# Orthogonal wavelet

An orthogonal wavelet is a wavelet whose associated wavelet transform is orthogonal. That is, the inverse wavelet transform is the adjoint of the wavelet transform. If this condition is weakened one may end up with biorthogonal wavelets.

## Basics

The scaling function is a refinable function. That is, it is a fractal functional equation, called the refinement equation (twin-scale relation or dilation equation):

${\displaystyle \phi (x)=\sum _{k=0}^{N-1}a_{k}\phi (2x-k)}$,

where the sequence ${\displaystyle (a_{0},\dots ,a_{N-1})}$ of real numbers is called a scaling sequence or scaling mask. The wavelet proper is obtained by a similar linear combination,

${\displaystyle \psi (x)=\sum _{k=0}^{M-1}b_{k}\phi (2x-k)}$,

where the sequence ${\displaystyle (b_{0},\dots ,b_{M-1})}$ of real numbers is called a wavelet sequence or wavelet mask.

A necessary condition for the orthogonality of the wavelets is that the scaling sequence is orthogonal to any shifts of it by an even number of coefficients:

${\displaystyle \sum _{n\in \mathbb {Z} }a_{n}a_{n+2m}=2\delta _{m,0}}$

In this case there is the same number M=N of coefficients in the scaling as in the wavelet sequence, the wavelet sequence can be determined as ${\displaystyle b_{n}=(-1)^{n}a_{N-1-n}}$. In some cases the opposite sign is chosen.

## Vanishing moments, polynomial approximation and smoothness

A necessary condition for the existence of a solution to the refinement equation is that some power (1+Z)A, A>0, divides the polynomial ${\displaystyle a(Z):=a_{0}+a_{1}Z+\dots +a_{N-1}Z^{N-1}}$ (see Z-transform). The maximally possible power A is called polynomial approximation order (or pol. app. power) or number of vanishing moments. It describes the ability to represent polynomials up to degree A-1 with linear combinations of integer translates of the scaling function.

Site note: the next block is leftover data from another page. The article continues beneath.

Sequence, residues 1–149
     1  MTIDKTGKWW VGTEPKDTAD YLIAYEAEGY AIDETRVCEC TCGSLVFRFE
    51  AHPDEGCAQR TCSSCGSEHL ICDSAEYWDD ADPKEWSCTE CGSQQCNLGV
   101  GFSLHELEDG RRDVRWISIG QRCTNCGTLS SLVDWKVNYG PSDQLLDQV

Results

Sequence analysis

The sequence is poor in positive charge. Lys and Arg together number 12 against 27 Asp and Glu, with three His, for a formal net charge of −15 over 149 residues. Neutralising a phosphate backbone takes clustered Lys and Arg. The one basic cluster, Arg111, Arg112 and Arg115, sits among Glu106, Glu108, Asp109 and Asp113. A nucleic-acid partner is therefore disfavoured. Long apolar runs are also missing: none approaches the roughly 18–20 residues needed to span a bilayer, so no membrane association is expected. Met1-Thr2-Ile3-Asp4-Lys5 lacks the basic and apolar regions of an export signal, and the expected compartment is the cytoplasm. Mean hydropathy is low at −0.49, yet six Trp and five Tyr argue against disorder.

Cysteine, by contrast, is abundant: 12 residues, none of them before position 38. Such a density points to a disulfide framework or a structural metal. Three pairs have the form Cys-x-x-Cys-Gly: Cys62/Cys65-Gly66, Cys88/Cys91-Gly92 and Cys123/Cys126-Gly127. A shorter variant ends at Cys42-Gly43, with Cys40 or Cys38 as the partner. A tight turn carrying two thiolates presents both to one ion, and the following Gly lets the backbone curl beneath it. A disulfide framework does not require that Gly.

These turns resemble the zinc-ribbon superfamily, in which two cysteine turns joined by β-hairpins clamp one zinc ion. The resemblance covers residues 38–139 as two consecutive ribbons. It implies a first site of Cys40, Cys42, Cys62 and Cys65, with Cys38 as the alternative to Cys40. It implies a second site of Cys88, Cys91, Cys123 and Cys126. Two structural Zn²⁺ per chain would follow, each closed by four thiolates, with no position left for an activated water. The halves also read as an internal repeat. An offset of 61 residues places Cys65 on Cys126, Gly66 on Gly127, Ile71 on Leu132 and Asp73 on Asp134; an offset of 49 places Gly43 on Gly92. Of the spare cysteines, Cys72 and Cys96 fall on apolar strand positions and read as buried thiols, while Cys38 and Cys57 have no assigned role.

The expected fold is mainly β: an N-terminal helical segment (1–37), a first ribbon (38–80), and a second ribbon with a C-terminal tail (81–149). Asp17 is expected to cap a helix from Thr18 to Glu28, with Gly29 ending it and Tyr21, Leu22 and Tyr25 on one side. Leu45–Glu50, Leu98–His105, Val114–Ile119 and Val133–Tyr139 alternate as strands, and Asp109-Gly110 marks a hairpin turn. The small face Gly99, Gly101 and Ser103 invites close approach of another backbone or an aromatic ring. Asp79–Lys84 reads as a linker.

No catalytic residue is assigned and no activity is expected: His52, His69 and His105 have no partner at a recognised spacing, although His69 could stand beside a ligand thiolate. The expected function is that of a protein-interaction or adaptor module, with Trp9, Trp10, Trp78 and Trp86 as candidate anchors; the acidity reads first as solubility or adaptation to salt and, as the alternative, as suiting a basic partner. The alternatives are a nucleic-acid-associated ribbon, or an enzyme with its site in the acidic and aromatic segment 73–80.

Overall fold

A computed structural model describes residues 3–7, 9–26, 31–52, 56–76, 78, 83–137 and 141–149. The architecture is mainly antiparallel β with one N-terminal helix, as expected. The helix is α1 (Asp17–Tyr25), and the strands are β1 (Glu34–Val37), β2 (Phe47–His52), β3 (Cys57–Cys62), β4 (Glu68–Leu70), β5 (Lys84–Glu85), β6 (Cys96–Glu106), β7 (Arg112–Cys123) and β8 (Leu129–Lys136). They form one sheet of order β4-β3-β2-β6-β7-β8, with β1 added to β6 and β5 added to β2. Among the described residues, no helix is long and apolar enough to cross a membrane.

In the biorthogonal case, an approximation order A of ${\displaystyle \phi }$ corresponds to A vanishing moments of the dual wavelet ${\displaystyle {\tilde {\psi }}}$, that is, the scalar products of ${\displaystyle {\tilde {\psi }}}$ with any polynomial up to degree A-1 are zero. In the opposite direction, the approximation order Ã of ${\displaystyle {\tilde {\phi }}}$ is equivalent to Ã vanishing moments of ${\displaystyle \psi }$. In the orthogonal case, A and Ã coincide.

A sufficient condition for the existence of a scaling function is the following: if one decomposes ${\displaystyle a(Z)=2^{1-A}(1+Z)^{A}p(Z)}$, and the estimate

${\displaystyle 1\leq \sup _{t\in [0,2\pi ]}|p(e^{it})|<2^{A-1-n}}$ for some ${\displaystyle n\in \mathbb {N} }$,

holds, then the refinement equation has a n times continuously differentiable solution with compact support.

Examples:

• ${\displaystyle a(Z)=2^{1-A}(1+Z)^{A}}$, that is p(Z)=1, has n=A-2. The solutions are Schoenbergs B-splines of order A-1, where the (A-1)-th derivative is piecewise constant, thus the (A-2)-th derivative is Lipschitz-continuous. A=1 corresponds to the index function of the unit interval.
• A=2 and p linear may be written as ${\displaystyle a(Z)={\frac {1}{4}}(1+Z)^{2}\,((1+Z)+c(1-Z))}$. Expansion of this degree 3 polynomial and insertion of the 4 coefficients into the orthogonality condition results in c²=3. The positive root gives the scaling sequence of the D4-wavelet, see below.